Every Tuesday and Friday, World Trademark Review presents a round-up of news, developments and insights from across the trademark sphere. In our latest edition, we look at Under Armour launching a trademark suit against a competitor, how online searches for fake fashion is soaring, the massive portfolio of confectionery brands that has been sold off, and details of the IACC’s latest training program. Coverage this time from Trevor Little (TL), Tim Lince (TJL), Adam Houldsworth (AH) and Timothy Au (TA).

Market Radar:

Massive portfolio of famous confectionery brands sold off – Huhtamaki, a Finland-based global packaging manufacturer for food and beverages, has announced that it has sold its confectionary trademark portfolio, including the trademarks, associated licensing agreements and royalties for numerous well-known confectionary brands. The assets were acquired by Highlander Partners, a private investment firm based in Texas, which had already made two previous investments in the confection space in the last two years. The portfolio of ten brands – which includes Jolly Ranchers, Good & Plenty, Milk Duds, Sixlets, Heath, Payday, Whoppers, Zero, Chuckles, and Good & Fruity – will continue to be licensed to The Hershey Company under the same terms and conditions as before. The deal serves as a reminder of the attractiveness of strong brands to private equity. (TA)

Online searches for fake fashion items soars, research suggests – According to a new study, online searches for fake and replica versions of fashion brands have increased dramatically in recent years, with a 500% rise in the past 24 months. The research reveals that trendy apparel brand Supreme is targeted by more searches for its fake versions than any other brand, with Christian Louboutin and Michael Kors coming second and third respectively. The findings make distressing reading for fashion brands, and suggest that in seeking to tackle counterfeit sales, it needs to be borne in mind that many consumers – indeed, an increasing number – are deliberately seeking out knock-off garments. (AH)

Brands look to Indonesia – Over on the MARQUES Class 46 blog, Januar Jahja & Partners’ Andrew Diamond provides an update from Indonesia, which began officially accepting Madrid applications on January 2 2018. Diamond reports that, to date, the Indonesian Trademark Office has published the first two batches of international applications it has received, with 371 international applications including designations of Indonesia. The applications have now been published for oppositions. Meanwhile, only six Indonesian entities have used Madrid to file outside the country, but Diamond predicts that this number “is certain to grow in the future when local businesses become more used to and aware of the new system, coupled with a growth in branding”. (TL)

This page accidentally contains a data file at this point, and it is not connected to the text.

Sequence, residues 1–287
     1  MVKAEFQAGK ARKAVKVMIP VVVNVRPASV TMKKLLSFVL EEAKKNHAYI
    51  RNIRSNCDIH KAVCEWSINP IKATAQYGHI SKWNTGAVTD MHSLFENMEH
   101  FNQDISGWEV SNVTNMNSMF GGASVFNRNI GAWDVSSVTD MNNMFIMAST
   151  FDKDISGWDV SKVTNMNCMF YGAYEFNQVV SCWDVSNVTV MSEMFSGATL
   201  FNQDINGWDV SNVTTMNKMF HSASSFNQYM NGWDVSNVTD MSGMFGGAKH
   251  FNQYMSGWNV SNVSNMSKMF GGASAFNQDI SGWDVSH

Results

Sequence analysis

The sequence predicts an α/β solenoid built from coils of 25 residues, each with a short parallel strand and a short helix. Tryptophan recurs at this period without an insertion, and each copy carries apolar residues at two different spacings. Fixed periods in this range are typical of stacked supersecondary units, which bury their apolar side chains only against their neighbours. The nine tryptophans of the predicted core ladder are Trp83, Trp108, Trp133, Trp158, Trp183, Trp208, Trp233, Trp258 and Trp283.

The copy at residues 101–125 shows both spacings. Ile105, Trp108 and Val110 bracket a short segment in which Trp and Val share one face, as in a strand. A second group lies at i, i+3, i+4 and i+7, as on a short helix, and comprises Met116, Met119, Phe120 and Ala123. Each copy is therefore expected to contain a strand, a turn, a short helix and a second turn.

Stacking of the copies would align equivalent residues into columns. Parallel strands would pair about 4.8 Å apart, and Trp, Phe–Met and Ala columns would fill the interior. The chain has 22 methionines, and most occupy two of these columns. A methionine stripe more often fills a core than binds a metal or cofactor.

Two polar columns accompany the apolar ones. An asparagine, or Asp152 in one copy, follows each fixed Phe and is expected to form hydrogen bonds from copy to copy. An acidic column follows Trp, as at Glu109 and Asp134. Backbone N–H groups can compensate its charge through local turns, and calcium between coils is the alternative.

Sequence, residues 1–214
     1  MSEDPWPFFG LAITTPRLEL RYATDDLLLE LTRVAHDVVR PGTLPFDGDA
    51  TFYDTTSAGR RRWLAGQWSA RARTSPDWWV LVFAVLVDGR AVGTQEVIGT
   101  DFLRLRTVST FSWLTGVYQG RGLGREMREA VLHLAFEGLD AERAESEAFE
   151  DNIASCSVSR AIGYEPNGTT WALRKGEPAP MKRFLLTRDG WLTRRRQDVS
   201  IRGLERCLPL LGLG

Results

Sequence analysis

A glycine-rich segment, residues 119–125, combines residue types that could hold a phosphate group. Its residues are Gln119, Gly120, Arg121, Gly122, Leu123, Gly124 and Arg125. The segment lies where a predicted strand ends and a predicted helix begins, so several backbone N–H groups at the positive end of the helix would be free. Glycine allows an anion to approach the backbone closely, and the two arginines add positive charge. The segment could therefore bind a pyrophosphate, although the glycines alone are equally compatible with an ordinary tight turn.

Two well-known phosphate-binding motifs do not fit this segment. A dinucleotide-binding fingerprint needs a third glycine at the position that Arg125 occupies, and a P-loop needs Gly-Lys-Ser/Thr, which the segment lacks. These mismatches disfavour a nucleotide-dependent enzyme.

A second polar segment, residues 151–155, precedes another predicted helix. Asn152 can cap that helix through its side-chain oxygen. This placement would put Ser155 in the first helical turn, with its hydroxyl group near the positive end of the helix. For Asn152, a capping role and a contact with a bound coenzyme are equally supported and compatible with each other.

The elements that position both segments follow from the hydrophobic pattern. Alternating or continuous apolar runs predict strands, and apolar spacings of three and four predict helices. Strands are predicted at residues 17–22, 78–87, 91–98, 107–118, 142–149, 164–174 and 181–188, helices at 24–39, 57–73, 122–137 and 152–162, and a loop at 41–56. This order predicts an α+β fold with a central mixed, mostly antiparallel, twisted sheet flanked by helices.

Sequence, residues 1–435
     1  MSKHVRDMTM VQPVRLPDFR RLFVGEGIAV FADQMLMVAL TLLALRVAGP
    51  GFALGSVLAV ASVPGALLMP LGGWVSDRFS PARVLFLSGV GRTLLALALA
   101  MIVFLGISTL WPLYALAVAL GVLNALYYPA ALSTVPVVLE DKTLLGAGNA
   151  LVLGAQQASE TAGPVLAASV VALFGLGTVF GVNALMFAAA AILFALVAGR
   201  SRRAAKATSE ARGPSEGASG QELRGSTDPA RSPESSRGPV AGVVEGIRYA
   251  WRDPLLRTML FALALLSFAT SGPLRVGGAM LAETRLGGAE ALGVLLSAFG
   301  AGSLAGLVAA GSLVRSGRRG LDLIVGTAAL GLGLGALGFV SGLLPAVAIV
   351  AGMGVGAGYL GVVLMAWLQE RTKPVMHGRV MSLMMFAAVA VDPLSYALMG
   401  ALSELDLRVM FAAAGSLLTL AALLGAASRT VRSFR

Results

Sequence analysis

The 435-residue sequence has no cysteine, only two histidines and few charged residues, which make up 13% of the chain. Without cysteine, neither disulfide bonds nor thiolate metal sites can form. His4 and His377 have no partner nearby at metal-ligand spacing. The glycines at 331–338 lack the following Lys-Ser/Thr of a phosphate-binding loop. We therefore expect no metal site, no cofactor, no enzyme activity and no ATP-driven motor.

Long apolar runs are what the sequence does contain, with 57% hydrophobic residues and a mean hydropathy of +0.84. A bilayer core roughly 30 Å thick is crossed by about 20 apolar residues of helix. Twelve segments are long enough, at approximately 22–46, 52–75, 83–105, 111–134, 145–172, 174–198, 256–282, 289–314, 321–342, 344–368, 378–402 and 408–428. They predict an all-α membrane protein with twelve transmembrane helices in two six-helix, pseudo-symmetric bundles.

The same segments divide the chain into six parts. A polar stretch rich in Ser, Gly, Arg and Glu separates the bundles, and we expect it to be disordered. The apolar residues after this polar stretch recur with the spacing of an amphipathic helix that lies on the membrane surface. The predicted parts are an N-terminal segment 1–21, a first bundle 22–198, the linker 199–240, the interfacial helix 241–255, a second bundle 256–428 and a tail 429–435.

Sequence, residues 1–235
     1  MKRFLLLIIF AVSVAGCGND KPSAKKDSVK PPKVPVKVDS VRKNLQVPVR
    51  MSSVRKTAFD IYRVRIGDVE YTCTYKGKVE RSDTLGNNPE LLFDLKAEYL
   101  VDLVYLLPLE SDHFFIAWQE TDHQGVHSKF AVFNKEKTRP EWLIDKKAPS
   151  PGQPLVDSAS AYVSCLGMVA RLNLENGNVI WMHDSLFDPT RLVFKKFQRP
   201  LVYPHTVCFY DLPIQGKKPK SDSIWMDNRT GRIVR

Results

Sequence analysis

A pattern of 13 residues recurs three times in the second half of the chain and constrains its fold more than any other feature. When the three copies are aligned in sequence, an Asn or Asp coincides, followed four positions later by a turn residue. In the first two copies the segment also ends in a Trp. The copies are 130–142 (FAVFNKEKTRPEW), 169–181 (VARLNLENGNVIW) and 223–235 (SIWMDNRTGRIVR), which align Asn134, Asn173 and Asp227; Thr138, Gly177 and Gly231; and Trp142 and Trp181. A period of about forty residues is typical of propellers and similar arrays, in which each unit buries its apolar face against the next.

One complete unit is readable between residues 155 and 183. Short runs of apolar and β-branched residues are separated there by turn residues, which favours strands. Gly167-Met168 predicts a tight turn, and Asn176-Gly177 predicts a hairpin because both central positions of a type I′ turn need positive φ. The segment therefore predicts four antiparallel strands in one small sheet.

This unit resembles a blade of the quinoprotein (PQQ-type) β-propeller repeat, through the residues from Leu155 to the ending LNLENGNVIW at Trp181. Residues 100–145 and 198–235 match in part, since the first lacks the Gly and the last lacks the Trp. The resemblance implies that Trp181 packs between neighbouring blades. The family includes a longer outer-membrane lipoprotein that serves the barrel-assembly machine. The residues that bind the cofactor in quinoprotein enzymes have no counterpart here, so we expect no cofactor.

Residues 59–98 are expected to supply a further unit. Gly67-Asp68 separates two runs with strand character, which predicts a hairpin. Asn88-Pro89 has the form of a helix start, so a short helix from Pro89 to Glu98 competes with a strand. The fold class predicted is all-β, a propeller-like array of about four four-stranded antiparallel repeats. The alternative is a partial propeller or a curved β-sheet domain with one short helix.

WHO anti-tobacco-counterfeiting protocol moves closer to achieving required supportThe implementation of a World Health Organisation protocol intended to counter illegal trade in tobacco came closer this week with India declaring its support. The Protocol to Eliminate Illicit Trade in Tobacco Products proposes measure to control illicit – including counterfeit - trade in tobacco by tracking and tracing the sale of products globally, coordinated law enforcement measures, and other forms of international cooperation. The support of 40 countries by July 2nd is required to bring the protocol into action, with India being the 37th country to sign-up. Among the most dangerous fake products, counterfeit tobacco poses serious public health risks and , according to Dr Tedros Adhanom Ghebreyesus (director general of the WHO), “creates a shadowy market that... fuels organized crime and deprives government of tax revenues”. (AH)